Thousands of workers are employed in the green economy (this is the bit of the economy that grew 5% a year during the double dip recession). These are the jobs that can usher in a clean, long-term rejuvenation of the UK’s industrial towns and ports. Why crush them?
We all know that the most effective way to reduce bills is to conserve energy, to use less of the stuff through upgrades to boilers and insulation in our homes. The cost of building renewables is high in the short term and negligible in the long term – the fuel is free, after all. So killing energy efficiency projects and clamping down on renewables is inviting charges of hypocrisy when the changes are made in the name of “protecting consumers” and “bringing down bills”.
If it’s really about cutting subsidies to save the public money on their energy bills, why don’t the Tories withdraw support in the same way from the 70-year-old nuclear industry, whose costs continue to soar despite once promising electricity too cheap to meter? Where’s the insistence that it, too, must stand on its own feet? Could it be that there are deeper links between Britain’s nuclear deterrent and our government’s commitment to nuclear power? The financial support is eye-watering: 35 year contracts at twice the wholesale market price, representing bill-payer funded subsidies running into billions, most of which will line the pockets of state-owned utility companies abroad.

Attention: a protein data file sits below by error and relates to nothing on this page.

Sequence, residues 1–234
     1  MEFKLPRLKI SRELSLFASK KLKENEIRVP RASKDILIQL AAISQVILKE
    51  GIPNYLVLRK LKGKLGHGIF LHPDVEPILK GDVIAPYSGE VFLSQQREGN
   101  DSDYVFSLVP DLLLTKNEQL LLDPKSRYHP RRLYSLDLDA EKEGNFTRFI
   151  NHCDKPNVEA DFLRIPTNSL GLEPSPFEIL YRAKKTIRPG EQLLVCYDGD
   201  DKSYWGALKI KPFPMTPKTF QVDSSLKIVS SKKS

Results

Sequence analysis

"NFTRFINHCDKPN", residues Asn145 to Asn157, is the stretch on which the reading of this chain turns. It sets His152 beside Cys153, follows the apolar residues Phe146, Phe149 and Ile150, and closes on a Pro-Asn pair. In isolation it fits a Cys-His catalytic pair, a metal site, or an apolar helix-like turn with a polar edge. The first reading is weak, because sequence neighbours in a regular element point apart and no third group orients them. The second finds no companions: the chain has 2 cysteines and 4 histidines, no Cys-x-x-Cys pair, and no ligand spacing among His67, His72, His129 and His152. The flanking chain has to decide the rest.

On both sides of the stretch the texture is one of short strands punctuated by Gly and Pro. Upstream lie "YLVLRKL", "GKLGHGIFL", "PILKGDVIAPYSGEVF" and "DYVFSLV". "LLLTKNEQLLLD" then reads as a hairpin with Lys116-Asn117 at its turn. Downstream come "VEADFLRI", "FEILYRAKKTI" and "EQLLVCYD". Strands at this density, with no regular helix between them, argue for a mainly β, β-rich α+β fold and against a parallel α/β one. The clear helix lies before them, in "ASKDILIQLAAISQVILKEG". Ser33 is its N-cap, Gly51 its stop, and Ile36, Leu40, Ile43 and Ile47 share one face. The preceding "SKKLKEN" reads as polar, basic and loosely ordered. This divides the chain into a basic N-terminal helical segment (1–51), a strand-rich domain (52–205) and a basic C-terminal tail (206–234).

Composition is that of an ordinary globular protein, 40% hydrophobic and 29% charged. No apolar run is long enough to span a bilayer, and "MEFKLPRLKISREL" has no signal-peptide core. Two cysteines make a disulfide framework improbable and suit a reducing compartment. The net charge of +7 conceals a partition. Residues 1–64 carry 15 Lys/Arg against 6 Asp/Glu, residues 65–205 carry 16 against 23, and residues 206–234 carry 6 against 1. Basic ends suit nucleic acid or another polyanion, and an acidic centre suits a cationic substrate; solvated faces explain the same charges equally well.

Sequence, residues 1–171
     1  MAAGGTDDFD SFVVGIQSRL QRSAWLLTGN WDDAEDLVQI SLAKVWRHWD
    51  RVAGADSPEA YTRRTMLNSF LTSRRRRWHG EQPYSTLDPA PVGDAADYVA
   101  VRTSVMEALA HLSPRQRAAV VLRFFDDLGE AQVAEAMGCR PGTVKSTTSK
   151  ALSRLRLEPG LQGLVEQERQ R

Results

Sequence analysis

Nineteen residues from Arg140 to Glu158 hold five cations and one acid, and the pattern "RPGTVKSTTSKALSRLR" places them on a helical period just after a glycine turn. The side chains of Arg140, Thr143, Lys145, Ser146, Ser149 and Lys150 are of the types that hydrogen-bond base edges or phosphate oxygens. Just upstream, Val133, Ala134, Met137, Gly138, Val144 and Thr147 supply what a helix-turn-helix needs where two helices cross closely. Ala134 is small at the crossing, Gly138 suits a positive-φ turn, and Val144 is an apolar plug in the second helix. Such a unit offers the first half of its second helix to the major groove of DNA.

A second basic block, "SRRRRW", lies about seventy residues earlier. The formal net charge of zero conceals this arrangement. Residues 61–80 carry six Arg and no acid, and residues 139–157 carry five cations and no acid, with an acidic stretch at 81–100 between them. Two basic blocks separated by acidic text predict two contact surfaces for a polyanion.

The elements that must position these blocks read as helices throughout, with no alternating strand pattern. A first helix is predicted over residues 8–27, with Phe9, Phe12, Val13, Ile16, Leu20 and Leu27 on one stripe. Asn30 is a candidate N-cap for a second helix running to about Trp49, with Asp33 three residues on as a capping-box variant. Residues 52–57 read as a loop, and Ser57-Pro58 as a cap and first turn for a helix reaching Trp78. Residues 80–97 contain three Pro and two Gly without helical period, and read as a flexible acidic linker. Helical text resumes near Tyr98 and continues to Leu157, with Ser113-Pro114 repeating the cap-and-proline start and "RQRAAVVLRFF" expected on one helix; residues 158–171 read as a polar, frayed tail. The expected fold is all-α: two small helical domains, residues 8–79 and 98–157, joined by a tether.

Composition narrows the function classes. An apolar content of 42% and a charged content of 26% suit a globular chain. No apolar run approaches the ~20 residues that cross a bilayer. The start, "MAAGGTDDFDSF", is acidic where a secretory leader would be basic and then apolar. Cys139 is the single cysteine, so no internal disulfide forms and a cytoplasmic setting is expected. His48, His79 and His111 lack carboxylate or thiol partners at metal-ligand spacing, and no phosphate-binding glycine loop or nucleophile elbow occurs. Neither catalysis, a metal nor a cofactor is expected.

Oil and gas
And what does the Government have to say about all the hidden subsidies for oil and gas, totalling £3bn in new tax breaks in the last parliament alone? Or the Capacity Market, an obscure mechanism designed to keep old power plants hanging on, whose funding – via consumer bills, just like renewables – has quietly increased to £1.3bn? Right now, there’s little to stop our oldest and dirtiest coal plants seeking these taxpayer handouts this autumn. It’s clear as day: one rule for fossil fuels, another for renewables and energy saving.
Why, why, why?
The Tories know we have to take action on climate change, but they choose to go down the route of backing the old industries as a way of reducing our emissions in the short term (the nuclear industry and fracked gas) instead of investing in the new technologies that we need for the future. Why?
It could be a combination of reasons. The influence of money and power on the Tory party cannot be underestimated. It could also be about military might where the nuclear industry is concerned. It could be an ideology built our of a misplaced faith in big old-fashioned industries and a lack of respect for smaller scale newer industries like solar and wind.